You Don’t Have To Be A Gender Expert To Be A Supportive Parent

Dec 04, 2017

Not long ago, I was with a parent of a child who had recently changed their name and pronouns.  She was clearly tired, so I asked her what was going on, and she told me, “I’m just exhausted from answering so many questions from my family and friends.”

This conversation made me think what a common experience it is for parents of Transgender, Non-binary or otherwise Gender-expansive kids to be expected to be an expert on all things related to gender. This can be especially hard when you are new to the journey and just learning about gender yourself! Not only are you trying to learn everything you can in order to support your child, but you also need to convince skeptical loved ones and even strangers that this is real, assure them that you are doing the right thing for your child, and also stay up-to-date on all of the politics around gender across the globe!

Needless to say, this is an impossible task, and one you should not even try to achieve. In fact, trying to do all of the above distracts you from doing the jobs you actually need to do as a parent of a gender-expansive child: educating yourself on gender so you can understand and support your child, learning the best parenting practices around raising a gender-expansive child, and helping pave the way for your child to be successful in school and family life.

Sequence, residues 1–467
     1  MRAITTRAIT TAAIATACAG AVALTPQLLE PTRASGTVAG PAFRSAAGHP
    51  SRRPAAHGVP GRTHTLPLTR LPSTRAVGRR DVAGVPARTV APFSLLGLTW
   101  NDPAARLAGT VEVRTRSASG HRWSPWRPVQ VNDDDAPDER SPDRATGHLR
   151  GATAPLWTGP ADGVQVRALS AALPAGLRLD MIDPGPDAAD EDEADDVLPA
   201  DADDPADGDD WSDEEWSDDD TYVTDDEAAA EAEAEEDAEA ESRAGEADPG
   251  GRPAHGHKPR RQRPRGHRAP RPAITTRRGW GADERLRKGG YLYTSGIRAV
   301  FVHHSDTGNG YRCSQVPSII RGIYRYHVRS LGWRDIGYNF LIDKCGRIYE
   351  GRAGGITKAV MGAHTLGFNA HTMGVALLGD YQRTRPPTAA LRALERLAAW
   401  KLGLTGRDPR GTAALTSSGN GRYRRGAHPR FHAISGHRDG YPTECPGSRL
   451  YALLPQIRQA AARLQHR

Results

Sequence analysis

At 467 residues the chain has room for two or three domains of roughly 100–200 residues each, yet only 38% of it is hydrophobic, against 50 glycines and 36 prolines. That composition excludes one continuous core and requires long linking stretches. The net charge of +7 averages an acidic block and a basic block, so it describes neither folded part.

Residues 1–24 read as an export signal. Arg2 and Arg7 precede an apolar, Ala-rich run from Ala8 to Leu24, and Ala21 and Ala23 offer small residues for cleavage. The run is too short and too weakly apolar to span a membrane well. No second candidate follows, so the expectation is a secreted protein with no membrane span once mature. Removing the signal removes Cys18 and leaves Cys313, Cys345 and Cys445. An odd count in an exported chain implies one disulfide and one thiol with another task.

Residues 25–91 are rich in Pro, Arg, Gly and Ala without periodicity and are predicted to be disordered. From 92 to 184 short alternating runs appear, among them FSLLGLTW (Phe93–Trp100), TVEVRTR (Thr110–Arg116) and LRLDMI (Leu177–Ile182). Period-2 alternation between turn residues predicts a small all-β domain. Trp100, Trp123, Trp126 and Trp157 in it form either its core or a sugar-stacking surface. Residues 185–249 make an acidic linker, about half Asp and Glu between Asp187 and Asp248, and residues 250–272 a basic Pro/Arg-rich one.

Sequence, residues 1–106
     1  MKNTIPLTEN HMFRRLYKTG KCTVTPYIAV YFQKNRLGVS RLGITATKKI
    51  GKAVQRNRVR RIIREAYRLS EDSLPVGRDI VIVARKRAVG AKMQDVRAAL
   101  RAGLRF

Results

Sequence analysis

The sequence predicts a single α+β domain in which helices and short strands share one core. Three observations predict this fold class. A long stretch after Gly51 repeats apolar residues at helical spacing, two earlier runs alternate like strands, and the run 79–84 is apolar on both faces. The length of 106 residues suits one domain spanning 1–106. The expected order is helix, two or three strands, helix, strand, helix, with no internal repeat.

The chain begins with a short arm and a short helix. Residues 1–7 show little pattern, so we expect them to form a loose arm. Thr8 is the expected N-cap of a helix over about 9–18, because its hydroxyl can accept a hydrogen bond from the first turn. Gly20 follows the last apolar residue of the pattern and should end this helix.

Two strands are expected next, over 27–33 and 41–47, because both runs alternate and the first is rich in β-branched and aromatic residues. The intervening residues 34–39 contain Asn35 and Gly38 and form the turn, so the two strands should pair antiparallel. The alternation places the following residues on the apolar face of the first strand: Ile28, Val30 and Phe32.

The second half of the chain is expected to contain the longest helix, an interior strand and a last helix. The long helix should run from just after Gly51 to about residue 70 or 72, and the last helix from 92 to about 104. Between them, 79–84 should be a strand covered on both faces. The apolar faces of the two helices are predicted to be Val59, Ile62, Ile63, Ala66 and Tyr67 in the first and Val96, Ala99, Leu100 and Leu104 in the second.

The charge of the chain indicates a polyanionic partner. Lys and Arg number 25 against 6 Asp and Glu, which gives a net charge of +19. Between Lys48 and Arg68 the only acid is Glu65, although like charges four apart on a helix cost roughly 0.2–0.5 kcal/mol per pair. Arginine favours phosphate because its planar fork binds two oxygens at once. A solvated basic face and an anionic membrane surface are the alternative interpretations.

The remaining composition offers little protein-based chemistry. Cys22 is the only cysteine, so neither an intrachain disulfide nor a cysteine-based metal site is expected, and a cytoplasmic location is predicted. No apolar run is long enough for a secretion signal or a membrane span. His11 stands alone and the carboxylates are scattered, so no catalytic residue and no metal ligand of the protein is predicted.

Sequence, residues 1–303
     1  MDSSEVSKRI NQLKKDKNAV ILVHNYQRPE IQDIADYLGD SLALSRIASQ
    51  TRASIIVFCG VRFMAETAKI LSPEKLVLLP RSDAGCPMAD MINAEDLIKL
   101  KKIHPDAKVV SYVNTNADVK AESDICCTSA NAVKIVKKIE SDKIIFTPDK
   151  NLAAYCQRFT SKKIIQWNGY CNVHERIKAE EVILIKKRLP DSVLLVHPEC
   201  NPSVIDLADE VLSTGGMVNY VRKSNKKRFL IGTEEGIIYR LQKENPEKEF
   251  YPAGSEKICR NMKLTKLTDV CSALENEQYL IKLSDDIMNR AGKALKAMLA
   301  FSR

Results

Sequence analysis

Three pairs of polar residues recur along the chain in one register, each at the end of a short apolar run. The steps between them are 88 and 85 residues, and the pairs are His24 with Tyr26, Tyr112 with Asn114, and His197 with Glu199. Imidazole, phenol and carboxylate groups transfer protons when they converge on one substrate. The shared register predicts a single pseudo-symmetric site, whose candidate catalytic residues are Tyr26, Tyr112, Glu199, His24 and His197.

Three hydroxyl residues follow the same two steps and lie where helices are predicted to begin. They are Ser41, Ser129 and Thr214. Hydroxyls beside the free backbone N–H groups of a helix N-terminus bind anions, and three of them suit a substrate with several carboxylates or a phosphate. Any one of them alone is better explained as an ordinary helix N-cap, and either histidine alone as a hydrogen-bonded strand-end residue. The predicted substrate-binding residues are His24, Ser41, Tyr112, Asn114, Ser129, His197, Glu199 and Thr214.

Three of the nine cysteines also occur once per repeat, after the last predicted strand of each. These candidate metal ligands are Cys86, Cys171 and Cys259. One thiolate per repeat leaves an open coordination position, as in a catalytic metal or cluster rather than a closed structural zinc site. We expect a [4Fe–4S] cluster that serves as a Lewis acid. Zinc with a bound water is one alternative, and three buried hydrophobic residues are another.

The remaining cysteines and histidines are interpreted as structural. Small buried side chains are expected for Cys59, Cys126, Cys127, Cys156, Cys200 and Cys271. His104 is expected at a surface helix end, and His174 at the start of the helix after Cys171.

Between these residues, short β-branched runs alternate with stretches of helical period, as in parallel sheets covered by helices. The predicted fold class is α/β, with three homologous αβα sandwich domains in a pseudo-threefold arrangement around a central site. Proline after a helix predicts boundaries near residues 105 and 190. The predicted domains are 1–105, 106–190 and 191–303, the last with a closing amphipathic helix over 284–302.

Click the image to watch our 3-part “Navigating the Holidays” video series on YouTube.

To stay sane, you can give yourself permission to not engage in every conversation around gender, especially if you are feeling fragile. You are allowed to set limits on your interactions, just as you set limits on what people can say to and ask of your child. You are allowed to say “I’m just learning myself, but here is a great resource…,” or “I understand you have questions—I had questions too. Here is a packet of information for you to read.”

Also, just as you intentionally protect your child from the negativity going on in the world, you need to intentionally protect yourself. Tune it out—don’t read the comments on social media posts and articles about gender! It takes its toll on your psyche and your energy needed to actually help your child. It may also intensify any fears you’re carrying around at the moment (and parenting from a place of fear is not at all helpful to you, or your child).

In the midst of all the noise, try to remember that the larger social conversation that is happening today around gender is incredibly powerful and a reason to be hopeful, regardless of any negative or hateful comments. Overall, the world is changing for the better. Most youth think about gender in completely new and different ways that we do as parents, and that is the world our children are growing up in—not the world of your childhood.

So when you find yourself overwhelmed by all you think you should know and do and understand about gender, take a deep breath and give yourself a break. Focus on your child and your family, and you’ll be doing enough! 

For more resources, see our Tips for Communicating with Family and Friends about Your Child’s Gender and much more information on our parent and family resources page.